The Problem with Suffering, Part 4
RECENTLY, THESE WORDS WERE READ BY A COLLEAGUE OF MINE giving testimony to how God has used his suffering to shape his life in a good and powerful way. Paul Reid is a pastor at Hope International Church in Waltham, MA. He was recently diagnosed with a rare neurological disorder known as Fahr’s Disease. It is a progressive and degenerative disease, which among other things, leads to the loss of basic motor skills.
When my friend read the words of the Apostle Paul, I felt like I heard them with renewed clarity. Why? They were read by someone who was a living testament to the truth of these words. In fact, my friend even confessed that though this disease is debilitating and his future is uncertain, he wouldn’t rewrite the script of his life because of the way this disease has deepened his faith and enriched his relationships. In other words, his suffering has done a refining work in his life.
I listened to a sermon he preached on Job 2. In it he referred to the Council of Nicaea which met in 325 B.C. From this council came one of our most basic confessions of Christian faith, the Nicaean Creed. Paul pointed out that of the 318 delegates at Council of Nicaea, only 12 were whole in body. All the other delegates bore the marks of persecution and suffering for their faith. Some had lost an eye or a hand while others had broken bones or dismembered limbs. Reflecting on this, he noted that the character of the early church was of such that they expected suffering to be the normal experience of life and of faith. And then he said, “It seems only in the modern world we have come to expect something different than this.”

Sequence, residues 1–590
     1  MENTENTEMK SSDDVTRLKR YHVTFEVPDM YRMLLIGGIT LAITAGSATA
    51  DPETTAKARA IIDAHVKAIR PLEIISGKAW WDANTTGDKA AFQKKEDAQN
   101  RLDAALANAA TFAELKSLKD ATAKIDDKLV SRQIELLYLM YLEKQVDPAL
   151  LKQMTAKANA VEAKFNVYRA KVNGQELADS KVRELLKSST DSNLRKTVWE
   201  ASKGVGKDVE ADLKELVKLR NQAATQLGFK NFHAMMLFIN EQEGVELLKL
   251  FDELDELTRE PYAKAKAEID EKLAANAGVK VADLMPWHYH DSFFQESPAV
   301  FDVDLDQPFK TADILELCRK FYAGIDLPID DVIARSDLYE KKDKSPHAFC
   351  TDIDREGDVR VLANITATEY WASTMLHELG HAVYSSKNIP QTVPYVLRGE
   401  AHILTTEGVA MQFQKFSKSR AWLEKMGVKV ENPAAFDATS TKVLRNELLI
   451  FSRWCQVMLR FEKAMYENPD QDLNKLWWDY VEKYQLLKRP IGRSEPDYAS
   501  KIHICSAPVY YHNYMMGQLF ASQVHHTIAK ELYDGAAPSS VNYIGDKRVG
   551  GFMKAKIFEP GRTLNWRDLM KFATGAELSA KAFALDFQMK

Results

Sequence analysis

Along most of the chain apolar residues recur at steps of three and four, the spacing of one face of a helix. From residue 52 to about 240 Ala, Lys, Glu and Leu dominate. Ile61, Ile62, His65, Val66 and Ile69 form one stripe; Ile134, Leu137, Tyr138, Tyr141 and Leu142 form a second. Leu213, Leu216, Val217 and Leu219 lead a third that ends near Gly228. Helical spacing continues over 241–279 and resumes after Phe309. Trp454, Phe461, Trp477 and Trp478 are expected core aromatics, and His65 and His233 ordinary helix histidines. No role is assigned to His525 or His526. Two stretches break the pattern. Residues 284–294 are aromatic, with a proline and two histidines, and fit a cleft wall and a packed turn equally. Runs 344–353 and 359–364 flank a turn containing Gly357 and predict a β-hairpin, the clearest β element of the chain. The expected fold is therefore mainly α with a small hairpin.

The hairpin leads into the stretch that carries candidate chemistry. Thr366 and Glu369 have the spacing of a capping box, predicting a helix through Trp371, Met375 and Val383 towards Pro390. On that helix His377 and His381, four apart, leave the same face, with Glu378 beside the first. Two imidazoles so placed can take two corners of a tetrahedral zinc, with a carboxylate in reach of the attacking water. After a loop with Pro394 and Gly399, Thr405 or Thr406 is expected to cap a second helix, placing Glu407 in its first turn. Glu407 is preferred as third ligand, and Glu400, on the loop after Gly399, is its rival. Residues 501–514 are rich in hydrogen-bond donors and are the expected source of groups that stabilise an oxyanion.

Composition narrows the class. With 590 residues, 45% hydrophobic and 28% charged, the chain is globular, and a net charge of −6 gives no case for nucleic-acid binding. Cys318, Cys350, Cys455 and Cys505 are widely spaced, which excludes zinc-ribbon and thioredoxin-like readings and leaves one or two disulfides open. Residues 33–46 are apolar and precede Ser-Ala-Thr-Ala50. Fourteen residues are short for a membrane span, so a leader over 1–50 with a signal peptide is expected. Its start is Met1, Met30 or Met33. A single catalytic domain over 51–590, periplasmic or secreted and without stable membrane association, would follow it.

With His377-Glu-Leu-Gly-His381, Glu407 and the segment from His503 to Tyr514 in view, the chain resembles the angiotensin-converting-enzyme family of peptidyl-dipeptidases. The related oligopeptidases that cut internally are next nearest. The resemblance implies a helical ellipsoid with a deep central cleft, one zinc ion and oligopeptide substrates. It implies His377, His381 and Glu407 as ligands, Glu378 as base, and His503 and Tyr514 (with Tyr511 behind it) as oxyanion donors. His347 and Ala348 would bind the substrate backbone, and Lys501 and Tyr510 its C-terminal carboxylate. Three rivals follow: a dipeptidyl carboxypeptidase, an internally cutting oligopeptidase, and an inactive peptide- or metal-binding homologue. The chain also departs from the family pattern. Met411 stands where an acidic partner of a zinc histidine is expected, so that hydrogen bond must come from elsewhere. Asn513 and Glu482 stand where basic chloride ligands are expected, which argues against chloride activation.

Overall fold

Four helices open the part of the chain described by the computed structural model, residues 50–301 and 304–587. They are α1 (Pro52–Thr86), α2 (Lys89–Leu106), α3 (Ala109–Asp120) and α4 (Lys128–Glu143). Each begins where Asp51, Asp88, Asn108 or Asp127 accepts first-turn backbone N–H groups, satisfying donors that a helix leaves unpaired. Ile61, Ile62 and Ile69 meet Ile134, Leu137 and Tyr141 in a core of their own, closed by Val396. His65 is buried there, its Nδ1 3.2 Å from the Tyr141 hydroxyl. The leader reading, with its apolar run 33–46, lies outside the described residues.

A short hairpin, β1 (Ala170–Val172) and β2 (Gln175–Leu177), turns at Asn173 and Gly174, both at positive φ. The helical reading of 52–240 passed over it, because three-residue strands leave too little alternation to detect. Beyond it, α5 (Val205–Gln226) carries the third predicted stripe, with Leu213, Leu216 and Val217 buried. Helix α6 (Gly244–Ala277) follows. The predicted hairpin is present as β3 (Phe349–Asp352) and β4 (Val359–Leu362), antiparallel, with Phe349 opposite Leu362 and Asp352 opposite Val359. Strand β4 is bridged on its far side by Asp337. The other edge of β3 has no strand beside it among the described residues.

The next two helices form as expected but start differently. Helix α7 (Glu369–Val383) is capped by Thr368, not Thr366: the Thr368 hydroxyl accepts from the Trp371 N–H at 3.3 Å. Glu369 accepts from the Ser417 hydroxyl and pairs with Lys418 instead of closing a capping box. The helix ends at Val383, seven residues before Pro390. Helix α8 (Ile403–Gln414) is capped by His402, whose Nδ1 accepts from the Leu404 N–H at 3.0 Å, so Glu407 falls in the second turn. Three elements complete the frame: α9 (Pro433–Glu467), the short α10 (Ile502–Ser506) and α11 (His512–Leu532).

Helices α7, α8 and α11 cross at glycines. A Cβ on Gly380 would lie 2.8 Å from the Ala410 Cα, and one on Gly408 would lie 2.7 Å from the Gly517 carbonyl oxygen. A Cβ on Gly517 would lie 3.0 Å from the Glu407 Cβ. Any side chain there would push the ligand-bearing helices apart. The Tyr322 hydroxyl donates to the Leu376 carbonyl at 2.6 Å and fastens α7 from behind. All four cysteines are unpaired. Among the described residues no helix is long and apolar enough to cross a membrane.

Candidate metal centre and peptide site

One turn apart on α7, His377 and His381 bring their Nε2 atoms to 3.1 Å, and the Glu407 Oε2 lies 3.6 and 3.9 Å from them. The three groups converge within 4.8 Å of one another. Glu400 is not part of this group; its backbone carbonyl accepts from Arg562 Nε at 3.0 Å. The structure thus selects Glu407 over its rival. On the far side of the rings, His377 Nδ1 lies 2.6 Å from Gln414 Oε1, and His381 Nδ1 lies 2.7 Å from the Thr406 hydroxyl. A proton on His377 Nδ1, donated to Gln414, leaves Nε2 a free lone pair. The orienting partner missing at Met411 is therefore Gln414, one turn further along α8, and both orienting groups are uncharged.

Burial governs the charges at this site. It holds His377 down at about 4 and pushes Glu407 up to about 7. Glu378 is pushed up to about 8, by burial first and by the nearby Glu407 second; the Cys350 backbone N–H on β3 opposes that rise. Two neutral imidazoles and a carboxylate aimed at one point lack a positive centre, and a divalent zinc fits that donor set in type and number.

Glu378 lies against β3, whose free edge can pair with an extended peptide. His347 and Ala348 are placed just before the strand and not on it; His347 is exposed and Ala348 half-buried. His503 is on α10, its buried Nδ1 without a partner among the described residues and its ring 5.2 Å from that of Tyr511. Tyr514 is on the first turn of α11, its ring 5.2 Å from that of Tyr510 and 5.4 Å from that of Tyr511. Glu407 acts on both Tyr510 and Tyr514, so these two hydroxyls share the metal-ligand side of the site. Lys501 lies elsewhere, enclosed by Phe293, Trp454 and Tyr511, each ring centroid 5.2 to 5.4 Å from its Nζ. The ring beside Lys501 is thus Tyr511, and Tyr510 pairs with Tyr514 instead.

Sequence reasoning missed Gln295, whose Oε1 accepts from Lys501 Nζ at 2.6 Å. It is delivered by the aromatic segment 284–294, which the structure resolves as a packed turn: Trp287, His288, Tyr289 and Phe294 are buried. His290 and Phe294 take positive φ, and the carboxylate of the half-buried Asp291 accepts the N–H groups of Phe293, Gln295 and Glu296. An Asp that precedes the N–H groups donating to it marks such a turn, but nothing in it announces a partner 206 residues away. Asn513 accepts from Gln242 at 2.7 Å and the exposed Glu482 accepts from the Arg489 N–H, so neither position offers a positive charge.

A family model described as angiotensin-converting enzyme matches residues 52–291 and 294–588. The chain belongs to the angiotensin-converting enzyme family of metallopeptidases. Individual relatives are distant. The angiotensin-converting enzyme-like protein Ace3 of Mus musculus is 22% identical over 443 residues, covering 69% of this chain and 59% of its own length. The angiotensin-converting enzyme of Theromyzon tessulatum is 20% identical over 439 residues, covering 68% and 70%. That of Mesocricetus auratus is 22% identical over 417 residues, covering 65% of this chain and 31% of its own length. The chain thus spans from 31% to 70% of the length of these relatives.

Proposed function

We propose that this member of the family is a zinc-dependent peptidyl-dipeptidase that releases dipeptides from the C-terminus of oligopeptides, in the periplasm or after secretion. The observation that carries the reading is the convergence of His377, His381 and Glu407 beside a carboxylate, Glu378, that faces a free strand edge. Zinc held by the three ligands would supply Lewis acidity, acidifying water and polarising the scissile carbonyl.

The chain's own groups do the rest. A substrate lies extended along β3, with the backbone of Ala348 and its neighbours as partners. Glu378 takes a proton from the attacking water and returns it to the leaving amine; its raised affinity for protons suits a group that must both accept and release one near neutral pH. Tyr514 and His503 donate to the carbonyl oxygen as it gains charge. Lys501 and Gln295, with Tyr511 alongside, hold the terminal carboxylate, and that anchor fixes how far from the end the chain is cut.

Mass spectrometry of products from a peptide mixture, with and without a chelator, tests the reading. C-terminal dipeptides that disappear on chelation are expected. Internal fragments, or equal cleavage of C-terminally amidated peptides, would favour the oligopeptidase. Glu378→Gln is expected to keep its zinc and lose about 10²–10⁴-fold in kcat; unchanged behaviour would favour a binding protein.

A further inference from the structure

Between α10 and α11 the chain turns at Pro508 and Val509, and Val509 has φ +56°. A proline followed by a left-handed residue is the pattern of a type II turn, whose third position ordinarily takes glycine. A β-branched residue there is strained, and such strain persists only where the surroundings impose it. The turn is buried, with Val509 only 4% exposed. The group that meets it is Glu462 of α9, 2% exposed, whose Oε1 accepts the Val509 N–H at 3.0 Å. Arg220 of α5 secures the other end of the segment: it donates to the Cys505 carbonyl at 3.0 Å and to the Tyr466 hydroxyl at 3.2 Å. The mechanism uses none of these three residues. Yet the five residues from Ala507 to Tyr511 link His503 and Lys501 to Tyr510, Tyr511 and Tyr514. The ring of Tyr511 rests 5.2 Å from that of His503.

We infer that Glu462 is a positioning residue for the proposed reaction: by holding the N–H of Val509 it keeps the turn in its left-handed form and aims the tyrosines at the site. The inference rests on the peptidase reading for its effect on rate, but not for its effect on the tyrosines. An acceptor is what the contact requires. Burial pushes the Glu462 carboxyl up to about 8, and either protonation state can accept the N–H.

I think that is true when it comes to suffering in general. Not to minimize the struggle that suffering brings to our lives, at the same time, we need to recognize that suffering is not without meaning or purpose. It does have a redemptive and refining role in our lives.
Consider this famous poem by an unknown author.
When God wants to drill a man, and thrill a man and skill a man,
When God wants to mold a man to play the noblest part,
When he yearns with all His heart to create so great and bold a man,
That all the world should be amazed,
Watch His methods, watch His ways:
How he ruthlessly perfects whom He royally elects;
And with mighty blows converts him into shapes and forms of clay Which only God can understand,
While man’s tortured heart is crying and he lifts beseeching hands;
Yet, God bends but never breaks when man’s good he undertakes;
How he uses whom he chooses
And with mighty power infuses him,
With every act induces him to try His splendor out,
God knows what He’s about.
So take comfort, even when you don’t understand why you are facing whatever it is that God has for you. Know that it is not a waste of time or meaningless. Rather, God is producing endurance, character and hope. And remember, because of Jesus, hope does not disappoint.
If you are looking for an encouraging word in your own suffering, listen to Paul’s sermon on Job 2.
So there is an upside to suffering. In fact, it appears to me, that there are certain things – namely, endurance, character and hope – that are formed in us through suffering.
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